Palace OKs total deployment ban on Kuwait OFWs View comments In fight vs corruption, Duterte now points to Ayala, MVP companies as ‘big fish’ LATEST STORIES MOST READ Despite finishing out of the podium, Batang Gilas flies home with history “I was in a panic. I had to call around, I was able to get a hold of (agent) Sheryl (Reyes) and she was in the NBA Summer League in Vegas at the time,” coach Tim Cone said. “She gave me a list of names and at the end of the list of names was Justin Brownlee.”Cone had seen Brownlee play before and knew his game fits the PBA like a glove.FEATURED STORIESSPORTSGinebra beats Meralco again to capture PBA Governors’ Cup titleSPORTSAfter winning title, time for LA Tenorio to give back to Batangas folkSPORTSTim Cone still willing to coach Gilas but admits decision won’t be ‘simple yes or no’“He was the guy that I’ve always wanted because I had scouted him in previous Summer Leagues and in the D-League and I’ve always thought he’s going to be perfect for this league,” he said.“She said he (Brownlee) could make it and he’d get on the plane next day and he got on the plane next day and lo and behold.” Trending Articles PLAY LIST 00:50Trending Articles01:45Explosive Gilas Pilipinas not yet at its best, says Tim Cone01:54MMDA deploys rescue team to Batangas following Taal eruption02:14Carpio hits red carpet treatment for China Coast Guard02:56NCRPO pledges to donate P3.5 million to victims of Taal eruption00:56Heavy rain brings some relief in Australia02:37Calm moments allow Taal folks some respite03:23Negosyo sa Tagaytay City, bagsak sa pag-aalboroto ng Bulkang Taal01:13Christian Standhardinger wins PBA Best Player award Cone had faith in Brownlee even before the forward could put on the kind of scoring display that he is now known for.“I remember he missed his first eight. He was 0-for-8 in that first game. I remember that distinctly because when I was telling everybody about Justin, I was telling them, ‘He’s a lights out shooter.’ I kept telling everybody that,” said Cone, who won his third title since transferring to Ginebra—all with Brownlee as his import.“But as the conference progressed, we knew we had something special and mostly it’s not just special on the floor,” he added. “What makes an import truly special is the combination of what he is on and off the floor.”The PBA has a long list of great imports who have come and gone but there are only a few who left a lasting legacy.Cone believes Brownlee, widely-regarded as one of the best imports in Ginebra history, belongs in that elite company.ADVERTISEMENT “The guys that can do both are really the special ones. I said that about Norman Black, Bobby Parks, Sean Chambers absolutely and I think Justin Brownlee is another one,” he said.“He’s just great on both sides and it’s hard to find that. It’s really harder than you think to find greatness on and off the court.”Looking back, Brownlee still can’t wrap his head around the kind of journey he’s had considering how it started.“You mean back in 2016? Yeah, I didn’t expect, I definitely didn’t expect this. I was just hoping I could come and help out the team, you know with Paul, he was injured,” the 30-year-old Brownlee, who was named Best Import in the 2018 Commissioner’s Cup, said.“I think he had a timetable, a few weeks to a month or whatever it was. I was just coming in to just do whatever I can to help the team win, and I was gonna be the replacement.”Not too long ago, Brownlee was in the Summer League hoping to crack a roster spot.“He wasn’t playing in the Summer League. He was walking around in Las Vegas at that time hoping to make a Summer League team and he didn’t make it,” Cone said.He found a home instead. Peza offers relief to ecozone firms Sports Related Videospowered by AdSparcRead Next Don’t miss out on the latest news and information. ‘High crimes and misdemeanors’: Trump impeachment trial begins Lights inside SMX hall flicker as Duterte rants vs Ayala, Pangilinan anew Gov’t in no rush to rescue animals in Taal Judy Ann’s 1st project for 2020 is giving her a ‘stomachache’ Justin Brownlee celebrates after making a basket. Photo by Tristan Tamayo/INQUIRER.netTwo years ago, Justin Brownlee was brought in by Barangay Ginebra originally as a temporary replacement for first-choice import Paul Harris.The Gin Kings needed Brownlee to fill in after Harris suffered a gruesome hand injury just before the 2016 PBA Governors’ Cup began.ADVERTISEMENT Nadine Lustre’s phone stolen in Brazil DepEd’s Taal challenge: 30K students displaced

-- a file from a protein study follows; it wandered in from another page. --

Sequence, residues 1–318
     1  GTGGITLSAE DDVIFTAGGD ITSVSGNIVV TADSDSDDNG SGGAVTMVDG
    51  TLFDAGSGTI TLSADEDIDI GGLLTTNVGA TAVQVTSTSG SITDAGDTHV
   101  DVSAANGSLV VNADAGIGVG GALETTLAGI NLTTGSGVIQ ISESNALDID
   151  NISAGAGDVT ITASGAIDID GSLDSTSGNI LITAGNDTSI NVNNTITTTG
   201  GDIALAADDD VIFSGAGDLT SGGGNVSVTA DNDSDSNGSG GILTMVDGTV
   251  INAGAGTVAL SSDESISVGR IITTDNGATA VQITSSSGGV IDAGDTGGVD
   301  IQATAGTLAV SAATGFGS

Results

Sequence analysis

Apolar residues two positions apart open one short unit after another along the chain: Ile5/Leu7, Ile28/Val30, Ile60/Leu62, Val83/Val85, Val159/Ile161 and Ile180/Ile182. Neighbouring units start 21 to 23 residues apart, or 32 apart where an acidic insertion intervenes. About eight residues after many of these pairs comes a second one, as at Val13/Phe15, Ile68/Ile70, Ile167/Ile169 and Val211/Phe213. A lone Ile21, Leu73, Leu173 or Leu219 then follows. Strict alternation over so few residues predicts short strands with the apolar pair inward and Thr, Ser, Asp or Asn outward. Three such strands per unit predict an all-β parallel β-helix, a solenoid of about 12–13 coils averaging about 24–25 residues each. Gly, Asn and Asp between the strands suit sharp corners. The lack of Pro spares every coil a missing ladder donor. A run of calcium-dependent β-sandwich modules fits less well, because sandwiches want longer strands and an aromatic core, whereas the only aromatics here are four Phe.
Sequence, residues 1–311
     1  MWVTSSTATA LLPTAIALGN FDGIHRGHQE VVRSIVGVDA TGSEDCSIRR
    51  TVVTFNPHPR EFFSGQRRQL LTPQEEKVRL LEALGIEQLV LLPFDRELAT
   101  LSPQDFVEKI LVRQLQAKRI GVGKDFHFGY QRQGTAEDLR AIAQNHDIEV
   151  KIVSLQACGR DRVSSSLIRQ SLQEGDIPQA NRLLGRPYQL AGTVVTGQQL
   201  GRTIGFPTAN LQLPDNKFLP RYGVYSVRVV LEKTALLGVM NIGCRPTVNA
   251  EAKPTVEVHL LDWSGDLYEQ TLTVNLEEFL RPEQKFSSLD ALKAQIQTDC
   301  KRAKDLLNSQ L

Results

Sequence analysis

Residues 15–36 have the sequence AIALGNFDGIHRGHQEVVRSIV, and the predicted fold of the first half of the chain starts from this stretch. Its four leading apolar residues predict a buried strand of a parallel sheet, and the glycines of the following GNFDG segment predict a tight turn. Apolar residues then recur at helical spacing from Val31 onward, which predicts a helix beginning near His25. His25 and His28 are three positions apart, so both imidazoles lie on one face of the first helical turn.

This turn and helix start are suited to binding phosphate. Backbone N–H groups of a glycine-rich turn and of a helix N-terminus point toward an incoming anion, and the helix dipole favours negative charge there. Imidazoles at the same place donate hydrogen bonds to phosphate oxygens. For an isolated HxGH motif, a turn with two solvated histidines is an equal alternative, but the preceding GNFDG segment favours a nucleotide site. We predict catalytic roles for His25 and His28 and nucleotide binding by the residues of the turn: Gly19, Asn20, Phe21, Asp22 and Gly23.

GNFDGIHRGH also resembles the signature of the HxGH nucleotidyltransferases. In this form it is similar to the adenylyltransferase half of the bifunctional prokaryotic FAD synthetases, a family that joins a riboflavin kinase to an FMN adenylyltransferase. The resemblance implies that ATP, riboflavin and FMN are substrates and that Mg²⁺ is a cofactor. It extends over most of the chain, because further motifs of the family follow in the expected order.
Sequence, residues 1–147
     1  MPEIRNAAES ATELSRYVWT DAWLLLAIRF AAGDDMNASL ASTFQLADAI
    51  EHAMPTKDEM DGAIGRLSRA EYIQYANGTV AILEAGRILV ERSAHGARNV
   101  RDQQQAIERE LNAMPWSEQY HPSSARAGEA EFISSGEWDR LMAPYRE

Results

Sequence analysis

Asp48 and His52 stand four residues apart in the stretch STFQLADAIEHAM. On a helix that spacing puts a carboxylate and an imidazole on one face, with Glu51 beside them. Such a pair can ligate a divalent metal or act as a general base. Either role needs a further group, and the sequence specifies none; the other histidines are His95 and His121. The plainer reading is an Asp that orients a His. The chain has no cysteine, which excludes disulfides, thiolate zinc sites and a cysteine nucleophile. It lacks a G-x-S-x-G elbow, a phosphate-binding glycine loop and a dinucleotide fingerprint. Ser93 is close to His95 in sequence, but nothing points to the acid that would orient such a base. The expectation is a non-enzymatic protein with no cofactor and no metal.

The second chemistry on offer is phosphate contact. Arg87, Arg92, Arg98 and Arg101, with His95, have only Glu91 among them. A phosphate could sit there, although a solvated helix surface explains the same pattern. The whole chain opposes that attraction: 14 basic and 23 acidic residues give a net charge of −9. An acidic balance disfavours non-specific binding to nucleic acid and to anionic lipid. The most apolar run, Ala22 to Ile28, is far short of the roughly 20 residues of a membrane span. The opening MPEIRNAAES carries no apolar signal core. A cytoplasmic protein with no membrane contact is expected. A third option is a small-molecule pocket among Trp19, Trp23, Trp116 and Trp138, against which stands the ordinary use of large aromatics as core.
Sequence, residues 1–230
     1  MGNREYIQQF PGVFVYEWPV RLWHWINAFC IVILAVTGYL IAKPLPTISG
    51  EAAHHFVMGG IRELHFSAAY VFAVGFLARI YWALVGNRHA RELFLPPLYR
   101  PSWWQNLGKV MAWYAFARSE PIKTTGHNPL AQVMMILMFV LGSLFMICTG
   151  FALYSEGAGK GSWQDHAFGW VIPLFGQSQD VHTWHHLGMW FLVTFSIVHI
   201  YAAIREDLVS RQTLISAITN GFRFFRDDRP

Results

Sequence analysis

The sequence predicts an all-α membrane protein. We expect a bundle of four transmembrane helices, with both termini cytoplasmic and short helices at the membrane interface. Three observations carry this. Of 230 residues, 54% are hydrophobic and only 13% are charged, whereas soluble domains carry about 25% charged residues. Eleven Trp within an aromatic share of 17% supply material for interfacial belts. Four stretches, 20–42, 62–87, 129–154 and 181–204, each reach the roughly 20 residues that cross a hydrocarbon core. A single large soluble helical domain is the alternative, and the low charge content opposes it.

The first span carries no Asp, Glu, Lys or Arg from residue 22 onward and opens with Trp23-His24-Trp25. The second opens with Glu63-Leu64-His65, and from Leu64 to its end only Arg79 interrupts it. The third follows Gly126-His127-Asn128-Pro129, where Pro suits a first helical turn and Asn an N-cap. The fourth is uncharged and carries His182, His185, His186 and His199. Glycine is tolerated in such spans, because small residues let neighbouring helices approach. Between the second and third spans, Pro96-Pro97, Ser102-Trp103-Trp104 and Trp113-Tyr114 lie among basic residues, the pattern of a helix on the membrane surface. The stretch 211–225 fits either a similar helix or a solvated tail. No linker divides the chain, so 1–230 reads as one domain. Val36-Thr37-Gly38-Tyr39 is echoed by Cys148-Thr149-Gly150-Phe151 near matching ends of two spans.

AD Quality Auto 360p 720p 1080p Top articles1/5READ MOREThe top 10 theme park moments of 2019 Gone were the pictures of Johny with some of his biggest supporters, like former President Ronald Reagan and former Los Angeles Mayor Tom Bradley. The autographed photos were packed away with the plaques and other mementos of everything he had accomplished in his life. When Mike and Katherine Carpenter moved into the house across the street in 2002, the Heaven on Earth ranch had become the nonsectarian All Nations Church. Mike was not related to Johny; didn’t even know who he was until his wife, a horse trainer, told him about the old cowboy who used to run the ranch for disabled and disadvantaged kids across the street. She had bought and restored Johny’s last buggy before he got evicted from the place back in 1993, and, like many people, she tried to help Johny get back on his feet – maybe even find another Heaven on Earth. He never did, not like the old one. One of the last public appearances Johny made was in 1996 when, despite ill health, he put on his black cowboy hat, blue jeans, and cowboy boots to accept the Citizen of the Year award from the East Valley Coordinating Council. Then, he just faded away. Johny Carpenter always had a soft spot for a hard-luck story – even after he became one himself. The Western-movie stuntman never got a chance to die the way he wanted – with his boots on at the Lake View Terrace horse ranch and Western town he ran for more than 50 years for needy and physically disabled children. Instead, he died two years ago in a Burbank nursing home at 93, his legacy all but forgotten as a real-life cowboy who brought a little heaven down to earth for thousands of children in the San Fernando Valley – except by a handful of people who remembered him. The Heaven on Earth ranch that Johny ran on a shoestring was long gone by then. No longer were buses filled with disadvantaged and disabled children pulling up to the gates on Foothill Boulevard to give the kids their first chance to sit on a horse or take a ride in a real Western buggy. All for free. “The more I learned about Johny, the more fascinated I became with his life,” says Mike, a public affairs consultant who began doing some work for the Korean church across the street. “I was amazed at how many people didn’t know what was there before, that it had been a Wild West town for kids with disabilities run by this incredible man.” But Mike told Jin So Yoo, senior pastor at the church. “Bring it back,” Yoo told him. And that’s exactly what Mike, some friends, and a lot of old-time movie and TV character-actor cowboys are trying to do. In November 2003, the Korean church revived one of Johny’s favorite events for the kids, a Thanksgiving dinner. The church invited the entire neighborhood and every kid it could find who remembered Johny. They listened to Randy Horton, now 41, describe how it felt to be an 8-year-old boy with cerebral palsy coming to Heaven on Earth and being greeted at the gates by Johny. Randy was not supposed to be able to walk on his own, let alone ride a horse, but Johny wouldn’t let him quit. The old cowboy spent countless hours working on the kid’s balance, teaching him to stay in that saddle and ride. “He made me realize I could do anything I put my mind to,” Randy says today. “There were times my mother and I walked five miles together to get there. “If kids couldn’t get out of their wheelchairs, Johny would reach down with his strong arms and lift them into the covered wagon still in their chairs. “My wife, Kimberly, and I got married at his ranch in 1987,” Randy says. “I loved that man.” On Oct. 21, the Reel Cowboys – a group of old movie and TV Western character actors – will hold their annual Silver Spur Awards at the Sportsmen’s Lodge in Studio City. This year’s honorees are James Garner, Stella Stevens, Rhonda Fleming, Jack Palance, stuntman Roydon Clark, and a posthumous award to Audie Murphy. All big names who brought the Old West alive on movie and TV screens for generations. But, to me, the biggest star of the night will be Johny Carpenter. Proceeds from the event will be split between the Hollywood Stuntman’s Hall of Fame being built in Beatty, Nev., and the Johny Carpenter Horse Arena being planned by the New Heaven on Earth Ranch Foundation in Lake View Terrace. “We can’t duplicate what Johny did for thousands of kids. Nobody can,” Mike says. “But we can sure try to keep his legacy alive.” Dennis McCarthy’s column appears Tuesday, Thursday, Friday and Sunday. Dennis McCarthy, (818) 713-3749 [email protected] For information and advance reservations for the Reel Cowboys’ Silver Spur Awards, call (800) 510-5921. For information on the New Heaven on Earth Ranch Foundation, call Mike Carpenter at (818) 470-5235. 160Want local news?Sign up for the Localist and stay informed Something went wrong. Please try again.subscribeCongratulations! You’re all set!